Although scientific knowledge to respond to outbreaks has increased, deficiencies remain in the ability of health authorities to communicate the need for large-scale measures such as vaccination and antiviral therapy and increase its acceptance. For effective behavioural and communication strategies, integration is needed of social, behavioural, communication and media sciences.
We bring together these disciplines to go beyond the current knowledge to develop an evidence-based behavioural and communication package for health professionals and agencies throughout Europe in case of major outbreaks. This overall aim is reached through a number of specific objectives:
1) to asses the time-dependent influences of epidemiology and risk communication including media content on human behaviour during the A/H1N1 pandemic;
2) to analyse, using Social Marketing principles, vaccination behaviour, audience segmentation, and vaccination service delivery;
3) to analyse knowledge, attitudes, risk perception, vaccination non-response and reasons for resistance during past epidemics;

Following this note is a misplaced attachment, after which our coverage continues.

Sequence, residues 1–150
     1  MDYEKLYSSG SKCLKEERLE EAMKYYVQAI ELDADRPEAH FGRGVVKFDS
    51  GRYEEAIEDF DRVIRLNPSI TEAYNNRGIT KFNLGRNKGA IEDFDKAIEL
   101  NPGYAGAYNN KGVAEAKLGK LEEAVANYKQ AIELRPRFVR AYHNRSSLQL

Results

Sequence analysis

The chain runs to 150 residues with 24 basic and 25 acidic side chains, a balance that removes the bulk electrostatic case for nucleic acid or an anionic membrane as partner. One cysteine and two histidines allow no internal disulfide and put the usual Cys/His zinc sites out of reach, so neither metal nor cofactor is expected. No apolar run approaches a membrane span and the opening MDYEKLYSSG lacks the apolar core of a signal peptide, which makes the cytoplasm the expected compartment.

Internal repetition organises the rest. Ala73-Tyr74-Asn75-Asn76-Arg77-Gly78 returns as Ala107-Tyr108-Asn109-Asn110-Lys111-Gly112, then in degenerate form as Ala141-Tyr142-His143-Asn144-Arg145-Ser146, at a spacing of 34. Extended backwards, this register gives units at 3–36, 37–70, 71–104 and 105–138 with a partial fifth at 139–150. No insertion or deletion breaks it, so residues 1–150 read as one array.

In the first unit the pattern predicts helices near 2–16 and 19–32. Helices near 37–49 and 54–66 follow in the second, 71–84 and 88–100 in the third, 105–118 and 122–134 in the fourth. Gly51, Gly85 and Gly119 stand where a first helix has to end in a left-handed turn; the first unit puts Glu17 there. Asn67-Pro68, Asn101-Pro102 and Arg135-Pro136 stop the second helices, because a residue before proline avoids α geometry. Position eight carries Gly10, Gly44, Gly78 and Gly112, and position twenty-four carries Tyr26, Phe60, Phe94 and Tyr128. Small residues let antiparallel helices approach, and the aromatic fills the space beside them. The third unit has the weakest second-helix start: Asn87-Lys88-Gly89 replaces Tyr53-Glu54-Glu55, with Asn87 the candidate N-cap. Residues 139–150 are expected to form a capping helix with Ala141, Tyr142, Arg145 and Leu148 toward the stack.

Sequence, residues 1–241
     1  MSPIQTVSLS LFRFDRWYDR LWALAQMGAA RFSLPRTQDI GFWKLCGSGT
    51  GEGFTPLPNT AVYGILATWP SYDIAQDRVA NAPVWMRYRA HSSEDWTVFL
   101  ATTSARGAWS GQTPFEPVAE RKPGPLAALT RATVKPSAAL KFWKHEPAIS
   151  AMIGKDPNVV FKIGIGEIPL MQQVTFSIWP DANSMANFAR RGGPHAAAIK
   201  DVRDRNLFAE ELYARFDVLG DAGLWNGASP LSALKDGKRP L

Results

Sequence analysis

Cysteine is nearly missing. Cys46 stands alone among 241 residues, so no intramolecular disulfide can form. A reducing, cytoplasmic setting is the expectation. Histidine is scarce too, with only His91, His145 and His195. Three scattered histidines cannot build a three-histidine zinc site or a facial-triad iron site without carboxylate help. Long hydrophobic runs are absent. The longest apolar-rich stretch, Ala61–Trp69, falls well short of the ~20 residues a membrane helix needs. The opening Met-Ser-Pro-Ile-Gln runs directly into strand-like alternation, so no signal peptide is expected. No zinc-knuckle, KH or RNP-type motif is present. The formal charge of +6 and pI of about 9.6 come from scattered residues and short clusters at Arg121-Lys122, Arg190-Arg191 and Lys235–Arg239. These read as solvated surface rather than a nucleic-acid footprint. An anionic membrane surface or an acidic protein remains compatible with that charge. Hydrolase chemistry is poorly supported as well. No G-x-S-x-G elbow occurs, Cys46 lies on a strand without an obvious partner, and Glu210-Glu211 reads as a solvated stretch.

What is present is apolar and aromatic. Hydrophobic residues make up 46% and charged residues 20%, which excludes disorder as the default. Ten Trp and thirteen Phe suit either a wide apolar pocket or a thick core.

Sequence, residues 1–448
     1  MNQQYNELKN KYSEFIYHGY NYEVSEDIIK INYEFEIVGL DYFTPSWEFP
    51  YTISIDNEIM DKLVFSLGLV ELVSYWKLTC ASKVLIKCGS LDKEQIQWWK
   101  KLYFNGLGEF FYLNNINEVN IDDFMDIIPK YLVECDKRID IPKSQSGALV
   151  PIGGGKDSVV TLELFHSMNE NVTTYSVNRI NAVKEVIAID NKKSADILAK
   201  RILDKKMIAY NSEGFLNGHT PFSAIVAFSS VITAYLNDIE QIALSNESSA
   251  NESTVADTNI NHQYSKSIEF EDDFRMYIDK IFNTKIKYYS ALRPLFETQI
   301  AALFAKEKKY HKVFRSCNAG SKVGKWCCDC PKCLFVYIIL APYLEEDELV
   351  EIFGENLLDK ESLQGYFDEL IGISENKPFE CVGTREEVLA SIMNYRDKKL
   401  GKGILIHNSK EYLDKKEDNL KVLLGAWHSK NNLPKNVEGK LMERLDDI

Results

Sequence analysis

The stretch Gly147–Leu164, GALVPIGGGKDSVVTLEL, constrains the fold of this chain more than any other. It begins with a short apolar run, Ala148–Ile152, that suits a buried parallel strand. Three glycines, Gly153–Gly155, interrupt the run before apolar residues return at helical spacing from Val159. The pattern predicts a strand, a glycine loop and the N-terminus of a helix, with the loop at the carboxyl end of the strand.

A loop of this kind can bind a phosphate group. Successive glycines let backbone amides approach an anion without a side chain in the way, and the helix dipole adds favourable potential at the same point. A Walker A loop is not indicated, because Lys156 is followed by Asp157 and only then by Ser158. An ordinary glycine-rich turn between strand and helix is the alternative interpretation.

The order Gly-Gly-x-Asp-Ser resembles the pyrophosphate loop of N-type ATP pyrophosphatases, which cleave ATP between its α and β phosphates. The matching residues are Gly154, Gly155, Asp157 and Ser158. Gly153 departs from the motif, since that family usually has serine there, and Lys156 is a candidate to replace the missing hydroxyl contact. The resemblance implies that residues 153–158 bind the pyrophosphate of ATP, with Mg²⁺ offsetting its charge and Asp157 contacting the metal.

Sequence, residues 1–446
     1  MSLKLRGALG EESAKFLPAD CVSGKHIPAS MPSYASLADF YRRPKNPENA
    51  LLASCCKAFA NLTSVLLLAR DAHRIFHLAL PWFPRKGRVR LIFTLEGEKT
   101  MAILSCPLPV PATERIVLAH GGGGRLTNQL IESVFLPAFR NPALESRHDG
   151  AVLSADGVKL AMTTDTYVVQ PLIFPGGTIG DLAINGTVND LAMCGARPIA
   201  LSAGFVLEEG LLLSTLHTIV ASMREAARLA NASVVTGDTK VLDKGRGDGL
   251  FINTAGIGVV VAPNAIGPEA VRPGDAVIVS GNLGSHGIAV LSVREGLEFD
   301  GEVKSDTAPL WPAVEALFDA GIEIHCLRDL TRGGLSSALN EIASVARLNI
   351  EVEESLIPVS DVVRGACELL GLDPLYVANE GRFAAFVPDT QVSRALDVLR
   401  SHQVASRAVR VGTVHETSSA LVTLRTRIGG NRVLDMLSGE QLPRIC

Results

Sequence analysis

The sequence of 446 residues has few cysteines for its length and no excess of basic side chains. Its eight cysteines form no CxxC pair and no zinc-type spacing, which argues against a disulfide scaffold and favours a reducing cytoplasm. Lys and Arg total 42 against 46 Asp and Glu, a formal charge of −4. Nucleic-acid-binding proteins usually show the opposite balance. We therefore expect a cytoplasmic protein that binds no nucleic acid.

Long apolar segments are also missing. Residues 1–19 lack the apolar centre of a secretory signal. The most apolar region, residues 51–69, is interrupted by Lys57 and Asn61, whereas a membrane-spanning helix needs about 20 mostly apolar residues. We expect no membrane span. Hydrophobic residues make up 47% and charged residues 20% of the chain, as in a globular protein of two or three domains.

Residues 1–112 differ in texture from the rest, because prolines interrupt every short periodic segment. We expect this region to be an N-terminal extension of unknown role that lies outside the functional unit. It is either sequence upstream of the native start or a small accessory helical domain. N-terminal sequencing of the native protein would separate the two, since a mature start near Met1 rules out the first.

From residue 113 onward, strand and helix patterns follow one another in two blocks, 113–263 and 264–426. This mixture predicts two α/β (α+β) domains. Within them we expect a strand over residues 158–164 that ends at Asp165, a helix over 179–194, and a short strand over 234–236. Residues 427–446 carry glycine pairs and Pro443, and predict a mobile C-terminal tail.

4) to apply Discrete Choice Experiments to determine acceptance of preventive measures in the case of epidemic outbreaks;
5) to integrate the key findings of the studies under objectives 1-3 to determine critical factors, groups and media to be addressed in the development of effective strategies;
6) to test behavioural interventions and communication strategies tailored to different target audiences; and
7) to finalize and disseminate a package of evidence-based tools that can be tailored to individual European countries.
Our project addresses all topics in the FP7 call text. The first phase has a research emphasis, whereas in the second phase newly developed behavioural intervention and communication strategies are tested and translated into (web application) tools. The final package will be disseminated among health professionals and outbreak management agencies.
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